if [ "$SSID" = "" ]
    # no Wi-Fi network found, let's assume that we are at home
    scselect PPPOE

    # if there is a Wi-Fi network, let's use the 'Automatic' network location
    scselect Automatic

exit 0
# (End of script)

Potential pitfalls: when the computer first 'wakes up' it will take a few seconds to connect to a Wi-Fi network, so you may need to add some 'sleep' commands in there to avoid switching locations before all the network information has updated.

"The Ethernet vs Wi-Fi Way"

For the purposes of this discussion, "Ethernet" means "the computer is plugged into a network by a physical cable."

If you only use Ethernet at home, another option is to disable your Ethernet port when not in use (which I assume means that PPPOE will not try to connect, but that may be an incorrect assumption).

I already wrote a script that does that, which you can find here: http://dl.dropbox.com/u/18414/ase/29227/wired-no-wifi.sh which you could use with launchd.

Note that script assumes that your Ethernet port is en0 and your Wi-Fi port is en1.

launchd note

I assume that you know that your plist for launchd should be stored in ~/Library/LaunchAgents and that after you add a new one you either have to logout/login or use launchctl load like this:

launchctl load ~/Library/LaunchAgents/YourLaunchdFileHere.plist

Seriously though, try Sidekick

All of a sudden $30 looks pretty cheap, doesn't it ;-?

Yeah you can geek out and do this on the command line, but Sidekick can do all this and more, and much more easily. Unless you're extremely poor, cheap, and/or nerdy, I highly recommend that over launchd -- but I still love being able to get "under the hood" and tinker with this sort of thing.

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I should explain one part of this, namely, the launchd part. The "trick" is that whenever anything in the directory '/Library/Preferences/SystemConfiguration/' changes, the script will run. That directory changes when the system network changes. –  TJ Luoma Nov 26 '11 at 7:30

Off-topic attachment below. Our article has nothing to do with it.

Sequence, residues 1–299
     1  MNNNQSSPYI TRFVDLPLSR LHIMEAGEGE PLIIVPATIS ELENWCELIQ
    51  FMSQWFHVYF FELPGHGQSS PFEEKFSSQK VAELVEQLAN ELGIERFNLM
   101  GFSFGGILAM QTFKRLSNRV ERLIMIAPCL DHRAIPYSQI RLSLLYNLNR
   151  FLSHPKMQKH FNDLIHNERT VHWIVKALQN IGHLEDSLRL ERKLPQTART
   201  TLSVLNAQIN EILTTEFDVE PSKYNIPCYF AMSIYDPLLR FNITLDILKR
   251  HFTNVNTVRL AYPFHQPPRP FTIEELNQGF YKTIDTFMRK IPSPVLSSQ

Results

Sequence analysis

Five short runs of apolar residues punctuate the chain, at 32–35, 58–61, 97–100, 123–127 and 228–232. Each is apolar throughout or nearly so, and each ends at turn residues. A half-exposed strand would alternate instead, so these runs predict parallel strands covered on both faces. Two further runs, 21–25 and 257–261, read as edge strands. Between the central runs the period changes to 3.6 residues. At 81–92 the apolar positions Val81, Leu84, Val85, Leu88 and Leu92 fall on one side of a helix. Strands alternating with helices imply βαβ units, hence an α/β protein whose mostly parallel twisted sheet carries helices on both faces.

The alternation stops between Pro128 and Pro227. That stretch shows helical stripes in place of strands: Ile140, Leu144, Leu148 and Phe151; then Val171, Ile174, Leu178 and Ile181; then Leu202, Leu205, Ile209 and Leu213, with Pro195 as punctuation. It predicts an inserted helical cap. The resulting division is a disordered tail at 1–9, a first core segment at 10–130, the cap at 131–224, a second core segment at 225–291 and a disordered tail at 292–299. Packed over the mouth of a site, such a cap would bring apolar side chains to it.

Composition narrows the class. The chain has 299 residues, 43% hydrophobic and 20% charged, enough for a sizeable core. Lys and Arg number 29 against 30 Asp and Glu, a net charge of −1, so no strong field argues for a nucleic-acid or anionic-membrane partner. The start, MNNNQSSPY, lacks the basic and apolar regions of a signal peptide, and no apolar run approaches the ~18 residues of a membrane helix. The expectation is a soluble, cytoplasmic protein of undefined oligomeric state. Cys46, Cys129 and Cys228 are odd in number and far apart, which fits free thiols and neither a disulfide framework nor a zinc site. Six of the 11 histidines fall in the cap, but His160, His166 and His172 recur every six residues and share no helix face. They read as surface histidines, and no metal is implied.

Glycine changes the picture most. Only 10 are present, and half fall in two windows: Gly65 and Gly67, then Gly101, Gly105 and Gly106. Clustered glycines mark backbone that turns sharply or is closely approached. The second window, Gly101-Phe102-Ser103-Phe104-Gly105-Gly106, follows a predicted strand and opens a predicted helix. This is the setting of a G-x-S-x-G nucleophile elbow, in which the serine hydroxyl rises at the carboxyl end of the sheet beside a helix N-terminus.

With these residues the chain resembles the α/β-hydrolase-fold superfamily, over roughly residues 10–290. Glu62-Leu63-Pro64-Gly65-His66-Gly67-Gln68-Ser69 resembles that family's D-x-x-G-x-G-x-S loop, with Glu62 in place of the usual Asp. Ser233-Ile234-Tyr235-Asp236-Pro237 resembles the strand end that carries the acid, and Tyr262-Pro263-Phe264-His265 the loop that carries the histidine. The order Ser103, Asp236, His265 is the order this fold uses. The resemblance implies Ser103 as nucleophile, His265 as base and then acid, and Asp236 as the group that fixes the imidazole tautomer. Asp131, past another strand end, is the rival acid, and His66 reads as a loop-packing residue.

I'm taking a look at Sidekick. Looks good, but is is only based on geolocation? For example let's say I want to watch a movie in my bed, I unplug the ethernet, and therefore don't expect PPPoE to try to connect - how can I achieve this? I'm geographically still "home" –  nute Nov 27 '11 at 15:04
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Use a Location functionality. It is topmost combo box under Network preferences.

Choose Edit Locations, create new one, Apply and after that you will be able to switch between Home (with PPPoE auto-connect) and other locations from Apple menu.

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Still requires input every time. I was hoping for a fix. But thanks anyways. –  nute Nov 7 '11 at 11:44
@nute You may try to use some Apple Script for sensing when Ethernet is unplugged or plugged in so it will switch locations on the event. –  iskra Nov 7 '11 at 12:27